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Pilgrims travel from around the world for canonization

05/18/2017 | Comments

FATIMA, Portugal. St. Jacinta’s “insatiable” thirst to sacrifice daily for souls and St. Francisco’s devotion to praying the rosary were on the hearts of pilgrims who joined more than half a million people to attend the May 13 Mass in Fatima, Portugal, during which the two children were canonized by Pope Francis. Pilgrims traveled by all modes of transportation — even walking sticks — from near and far to pay tribute on the 100th anniversary of the first of six once-per-month visions of Mary to three children of Fatima.

“It’s very important for us to think that in today’s time we have models — little kids who were nine and 11 years old — to see that they had a short life and that they were giving up things for other mens’ sins and making sacrfices in the world,” said Miguel Fosecka, 39, an engineer from Lisbon. “They offered them to Jesus and this makes (these sacrifices) worth it.”

The night before the canonization Mass, hundreds of thousands of people participated in a candlelight rosary procession with Pope Francis. For Antonio Martins, 49, of Porto, Portugal, the occasion for traveling to the event was like any other year, with the exception of arriving many hours sooner to secure a seat close to the Chapel of the Apparitions — 12 hours before the rosary with Pope Francis.

“I’ve come here for the last 20 years with my wife and sister-in-law,” Martins said. “What (the Blessed Mother) did for the Portuguese people and for people all around the world is she asked them for the transmission of love between humankind. That is the main word Our Lady brings to us.”

Hundreds of pilgrims from various countries walked the Way of the Cross in Fatima the morning of May 12, the day Pope Francis arrived. The Way of the Cross, which leads to the site of Mary’s reported vision to the children on August 19, 1917, is located in Valinhos, nearly halfway between the Cova where the other apparitions took place and the children’s homes. The Valinhos stop is at the ninth station and is denoted by a large statue of Our Lady. Unlike the other five apparitions, the August apparition did not take place on the 13th of the month, due to the children being detained for questioning by government officials.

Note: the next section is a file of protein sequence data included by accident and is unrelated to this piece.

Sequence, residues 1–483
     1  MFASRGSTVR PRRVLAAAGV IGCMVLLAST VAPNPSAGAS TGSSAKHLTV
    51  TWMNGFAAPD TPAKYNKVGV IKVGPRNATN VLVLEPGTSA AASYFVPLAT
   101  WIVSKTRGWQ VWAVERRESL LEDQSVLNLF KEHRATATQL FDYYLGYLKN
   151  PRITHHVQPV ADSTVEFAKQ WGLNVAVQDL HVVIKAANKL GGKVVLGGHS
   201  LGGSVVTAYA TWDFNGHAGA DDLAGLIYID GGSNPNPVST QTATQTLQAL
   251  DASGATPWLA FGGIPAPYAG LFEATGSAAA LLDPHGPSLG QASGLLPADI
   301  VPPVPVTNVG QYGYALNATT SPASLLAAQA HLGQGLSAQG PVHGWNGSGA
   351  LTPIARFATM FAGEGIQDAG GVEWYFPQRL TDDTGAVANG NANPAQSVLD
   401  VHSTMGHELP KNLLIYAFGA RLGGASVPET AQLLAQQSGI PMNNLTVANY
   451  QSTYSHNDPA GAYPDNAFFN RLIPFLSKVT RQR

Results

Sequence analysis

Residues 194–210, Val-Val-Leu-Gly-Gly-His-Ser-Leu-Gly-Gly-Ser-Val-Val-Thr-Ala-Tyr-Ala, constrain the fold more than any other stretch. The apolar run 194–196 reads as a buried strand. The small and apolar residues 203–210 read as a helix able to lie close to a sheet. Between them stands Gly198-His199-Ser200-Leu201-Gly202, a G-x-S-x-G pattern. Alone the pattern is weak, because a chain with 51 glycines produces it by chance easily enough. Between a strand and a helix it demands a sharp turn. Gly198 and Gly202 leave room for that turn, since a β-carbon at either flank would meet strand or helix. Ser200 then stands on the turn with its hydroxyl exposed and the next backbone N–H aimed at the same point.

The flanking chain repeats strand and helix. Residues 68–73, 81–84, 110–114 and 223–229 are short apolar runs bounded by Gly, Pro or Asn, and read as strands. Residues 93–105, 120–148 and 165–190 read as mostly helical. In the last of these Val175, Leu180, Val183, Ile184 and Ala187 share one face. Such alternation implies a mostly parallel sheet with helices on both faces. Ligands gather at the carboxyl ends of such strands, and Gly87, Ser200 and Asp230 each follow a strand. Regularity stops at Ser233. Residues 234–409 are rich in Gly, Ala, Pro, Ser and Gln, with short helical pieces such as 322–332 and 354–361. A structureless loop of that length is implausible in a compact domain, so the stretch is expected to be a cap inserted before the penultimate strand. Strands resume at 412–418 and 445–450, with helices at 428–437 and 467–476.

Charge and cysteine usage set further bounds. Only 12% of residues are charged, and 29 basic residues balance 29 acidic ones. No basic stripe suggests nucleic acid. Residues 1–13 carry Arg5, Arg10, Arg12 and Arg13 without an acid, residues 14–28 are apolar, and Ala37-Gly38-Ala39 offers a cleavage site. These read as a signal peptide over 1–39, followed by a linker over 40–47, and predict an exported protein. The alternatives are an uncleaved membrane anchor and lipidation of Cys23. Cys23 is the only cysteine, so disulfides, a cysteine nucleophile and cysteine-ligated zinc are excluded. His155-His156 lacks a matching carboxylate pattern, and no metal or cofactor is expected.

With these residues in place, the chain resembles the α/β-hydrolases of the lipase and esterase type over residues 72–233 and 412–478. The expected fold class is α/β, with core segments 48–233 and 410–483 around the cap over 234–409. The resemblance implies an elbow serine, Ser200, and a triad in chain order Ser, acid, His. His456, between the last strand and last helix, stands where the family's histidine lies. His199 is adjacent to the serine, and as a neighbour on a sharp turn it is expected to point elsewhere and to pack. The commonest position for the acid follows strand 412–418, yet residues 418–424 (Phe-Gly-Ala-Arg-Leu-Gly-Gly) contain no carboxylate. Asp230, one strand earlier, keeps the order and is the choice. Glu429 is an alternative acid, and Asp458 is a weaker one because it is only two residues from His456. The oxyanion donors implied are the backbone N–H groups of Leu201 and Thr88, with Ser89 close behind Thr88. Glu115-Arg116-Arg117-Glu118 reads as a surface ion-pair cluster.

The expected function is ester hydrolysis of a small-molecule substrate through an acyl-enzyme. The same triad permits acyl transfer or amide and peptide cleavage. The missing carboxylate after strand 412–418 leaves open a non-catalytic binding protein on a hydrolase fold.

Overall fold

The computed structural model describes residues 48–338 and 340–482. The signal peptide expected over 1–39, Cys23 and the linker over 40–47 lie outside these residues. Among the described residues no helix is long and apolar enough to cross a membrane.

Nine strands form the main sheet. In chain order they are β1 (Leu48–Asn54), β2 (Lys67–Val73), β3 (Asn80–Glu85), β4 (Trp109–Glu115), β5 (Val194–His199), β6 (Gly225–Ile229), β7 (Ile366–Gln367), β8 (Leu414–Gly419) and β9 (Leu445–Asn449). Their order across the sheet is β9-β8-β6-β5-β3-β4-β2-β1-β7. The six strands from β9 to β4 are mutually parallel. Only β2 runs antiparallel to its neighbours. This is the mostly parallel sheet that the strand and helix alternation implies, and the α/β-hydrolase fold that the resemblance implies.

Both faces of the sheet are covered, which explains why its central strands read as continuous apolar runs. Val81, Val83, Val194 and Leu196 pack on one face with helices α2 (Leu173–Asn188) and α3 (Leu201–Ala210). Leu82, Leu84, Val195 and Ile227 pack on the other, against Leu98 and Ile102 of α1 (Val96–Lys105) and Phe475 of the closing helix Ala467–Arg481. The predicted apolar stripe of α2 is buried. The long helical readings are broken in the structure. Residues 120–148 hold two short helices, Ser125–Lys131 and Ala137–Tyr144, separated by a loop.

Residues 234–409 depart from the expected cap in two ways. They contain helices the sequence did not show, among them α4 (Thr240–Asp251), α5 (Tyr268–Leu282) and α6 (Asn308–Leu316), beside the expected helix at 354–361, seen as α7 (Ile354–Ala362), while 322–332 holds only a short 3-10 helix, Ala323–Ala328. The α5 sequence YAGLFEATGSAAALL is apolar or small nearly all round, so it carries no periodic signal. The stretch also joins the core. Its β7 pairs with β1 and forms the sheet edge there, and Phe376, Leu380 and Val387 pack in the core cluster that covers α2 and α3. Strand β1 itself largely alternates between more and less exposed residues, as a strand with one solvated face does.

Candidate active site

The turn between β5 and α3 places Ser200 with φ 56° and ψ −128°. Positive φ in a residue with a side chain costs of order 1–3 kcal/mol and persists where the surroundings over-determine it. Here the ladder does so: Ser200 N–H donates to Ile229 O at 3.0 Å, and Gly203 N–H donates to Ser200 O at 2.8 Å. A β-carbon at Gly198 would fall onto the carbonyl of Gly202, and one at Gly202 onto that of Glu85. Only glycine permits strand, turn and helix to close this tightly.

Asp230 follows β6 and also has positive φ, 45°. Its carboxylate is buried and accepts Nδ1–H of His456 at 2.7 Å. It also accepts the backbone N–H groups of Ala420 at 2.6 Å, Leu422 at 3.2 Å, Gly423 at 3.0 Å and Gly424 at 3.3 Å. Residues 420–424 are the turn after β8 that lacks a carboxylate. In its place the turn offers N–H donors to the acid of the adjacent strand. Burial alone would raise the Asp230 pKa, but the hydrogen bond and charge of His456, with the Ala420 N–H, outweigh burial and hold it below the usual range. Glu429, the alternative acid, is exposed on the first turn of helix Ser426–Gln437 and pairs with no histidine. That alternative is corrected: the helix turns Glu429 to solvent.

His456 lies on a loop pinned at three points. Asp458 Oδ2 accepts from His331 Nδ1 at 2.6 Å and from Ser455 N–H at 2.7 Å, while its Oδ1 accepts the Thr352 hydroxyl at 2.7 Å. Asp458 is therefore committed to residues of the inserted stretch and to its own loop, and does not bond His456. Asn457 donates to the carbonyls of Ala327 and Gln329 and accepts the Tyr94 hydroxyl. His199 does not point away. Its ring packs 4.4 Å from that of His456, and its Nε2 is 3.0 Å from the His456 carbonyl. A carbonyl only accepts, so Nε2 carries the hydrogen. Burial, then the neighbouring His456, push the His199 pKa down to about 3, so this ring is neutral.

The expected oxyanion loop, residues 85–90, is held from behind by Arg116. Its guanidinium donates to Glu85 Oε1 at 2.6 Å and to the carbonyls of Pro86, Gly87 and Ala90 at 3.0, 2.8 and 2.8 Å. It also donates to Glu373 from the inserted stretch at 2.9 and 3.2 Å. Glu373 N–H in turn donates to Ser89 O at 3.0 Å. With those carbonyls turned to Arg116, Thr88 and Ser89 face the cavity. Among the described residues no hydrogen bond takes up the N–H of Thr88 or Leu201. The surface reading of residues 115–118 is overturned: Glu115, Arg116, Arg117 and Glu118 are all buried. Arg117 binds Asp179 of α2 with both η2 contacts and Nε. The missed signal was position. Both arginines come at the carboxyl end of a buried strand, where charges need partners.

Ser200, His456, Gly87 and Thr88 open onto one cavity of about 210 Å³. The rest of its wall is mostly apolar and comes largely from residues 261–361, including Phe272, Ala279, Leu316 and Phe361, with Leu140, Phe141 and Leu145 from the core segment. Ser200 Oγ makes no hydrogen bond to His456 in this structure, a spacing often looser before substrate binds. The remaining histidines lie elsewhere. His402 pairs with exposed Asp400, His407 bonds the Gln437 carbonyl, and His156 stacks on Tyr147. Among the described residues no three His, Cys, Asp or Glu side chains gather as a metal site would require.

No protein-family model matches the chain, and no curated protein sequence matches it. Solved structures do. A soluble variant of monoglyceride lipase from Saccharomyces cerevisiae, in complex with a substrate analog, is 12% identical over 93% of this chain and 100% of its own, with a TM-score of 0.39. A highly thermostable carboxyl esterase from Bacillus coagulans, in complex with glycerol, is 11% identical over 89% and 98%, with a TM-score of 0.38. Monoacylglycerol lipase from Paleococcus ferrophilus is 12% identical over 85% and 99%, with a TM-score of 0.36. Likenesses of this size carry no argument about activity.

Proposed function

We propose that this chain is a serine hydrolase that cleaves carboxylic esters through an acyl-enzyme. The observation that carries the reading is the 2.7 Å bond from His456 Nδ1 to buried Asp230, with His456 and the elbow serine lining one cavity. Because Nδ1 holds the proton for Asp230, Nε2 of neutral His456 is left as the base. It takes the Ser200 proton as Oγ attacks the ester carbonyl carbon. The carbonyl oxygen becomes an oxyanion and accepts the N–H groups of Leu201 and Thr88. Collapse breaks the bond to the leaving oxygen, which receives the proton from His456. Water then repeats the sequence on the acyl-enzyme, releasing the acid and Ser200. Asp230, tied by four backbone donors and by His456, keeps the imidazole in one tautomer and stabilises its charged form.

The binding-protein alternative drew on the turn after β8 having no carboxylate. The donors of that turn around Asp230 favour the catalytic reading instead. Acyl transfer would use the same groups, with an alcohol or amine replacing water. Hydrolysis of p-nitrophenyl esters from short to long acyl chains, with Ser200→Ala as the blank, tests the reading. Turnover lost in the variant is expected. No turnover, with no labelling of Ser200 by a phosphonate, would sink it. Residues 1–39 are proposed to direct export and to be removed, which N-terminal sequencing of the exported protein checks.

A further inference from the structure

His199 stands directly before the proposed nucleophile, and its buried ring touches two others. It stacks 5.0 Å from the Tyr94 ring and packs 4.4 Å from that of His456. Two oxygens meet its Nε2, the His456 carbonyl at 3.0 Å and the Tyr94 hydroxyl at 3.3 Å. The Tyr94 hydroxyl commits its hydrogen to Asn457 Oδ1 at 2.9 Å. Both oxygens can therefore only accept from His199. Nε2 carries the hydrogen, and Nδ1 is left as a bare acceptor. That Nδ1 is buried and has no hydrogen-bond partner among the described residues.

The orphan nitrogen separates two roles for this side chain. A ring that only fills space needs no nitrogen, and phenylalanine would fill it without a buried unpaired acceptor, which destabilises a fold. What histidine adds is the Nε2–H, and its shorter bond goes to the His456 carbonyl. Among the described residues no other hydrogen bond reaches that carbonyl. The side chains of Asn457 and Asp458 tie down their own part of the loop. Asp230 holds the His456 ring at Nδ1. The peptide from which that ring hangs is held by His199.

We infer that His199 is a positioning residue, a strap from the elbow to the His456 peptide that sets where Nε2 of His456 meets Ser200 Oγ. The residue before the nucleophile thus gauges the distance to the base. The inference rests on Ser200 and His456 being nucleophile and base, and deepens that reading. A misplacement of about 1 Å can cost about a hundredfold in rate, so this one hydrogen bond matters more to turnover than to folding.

Pilgrims that morning sang hymns in their various languages and one person held the flag of Lebanon — one of dozens of countries represented.

“It’s been beyond my expectations,” said Robin Bachman, of Chicago, who does missionary work. “I came here because my father and mother passed away a year apart on May the 13. I kept telling the blessed Virgin, ‘Let me know when I can come visit you in Fatima.’ It’s been amazing but it’s been hard, too, because I don’t speak Portuguese. It’s been good for me to experience that language and that sense of alienation, knowing God to be my source of movement and guide. But it was so eye opening, and I’ve received more than I expected . . . seeing what God has moved me to rebuild. I came to Fatima for healing and I’m going to Poland for direction.”

“The feeling was ecstatic at the canonization,” said Mikhail Anthony, 22, from South Africa, who was among many jubilantly filling the streets of Fatima the day following the canonization Mass.

A group of nearly 60 people traveled from Franciscan University of Steubenville in Ohio to attend the canonization. Other pilgrims from the United States came from Florida, California, Colorado and Illinois.

Jim Henseler, 50, of Chicago, found out only about a week prior to leaving for the canonization that he was going to be able to travel to Portugal with a friend. What the two new saints teach us, he said, is “to sacrifice, sacrifice much” and what Fatima teaches us, he said, is “to pray, pray much. I try to live it as best I can.”

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